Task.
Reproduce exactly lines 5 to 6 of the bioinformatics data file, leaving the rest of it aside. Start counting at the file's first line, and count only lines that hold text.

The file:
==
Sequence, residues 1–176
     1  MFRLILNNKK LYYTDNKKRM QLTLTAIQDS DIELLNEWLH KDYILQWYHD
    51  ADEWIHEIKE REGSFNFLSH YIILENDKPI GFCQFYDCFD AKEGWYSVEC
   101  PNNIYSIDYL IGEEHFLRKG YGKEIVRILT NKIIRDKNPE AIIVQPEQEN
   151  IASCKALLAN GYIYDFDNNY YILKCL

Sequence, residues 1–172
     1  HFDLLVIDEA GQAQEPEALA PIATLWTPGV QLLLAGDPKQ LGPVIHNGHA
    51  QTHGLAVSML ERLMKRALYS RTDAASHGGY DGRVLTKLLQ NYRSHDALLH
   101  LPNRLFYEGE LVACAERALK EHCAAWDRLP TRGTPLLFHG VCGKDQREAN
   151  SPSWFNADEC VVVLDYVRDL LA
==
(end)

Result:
   151  IASCKALLAN GYIYDFDNNY YILKCL

Sequence, residues 1–172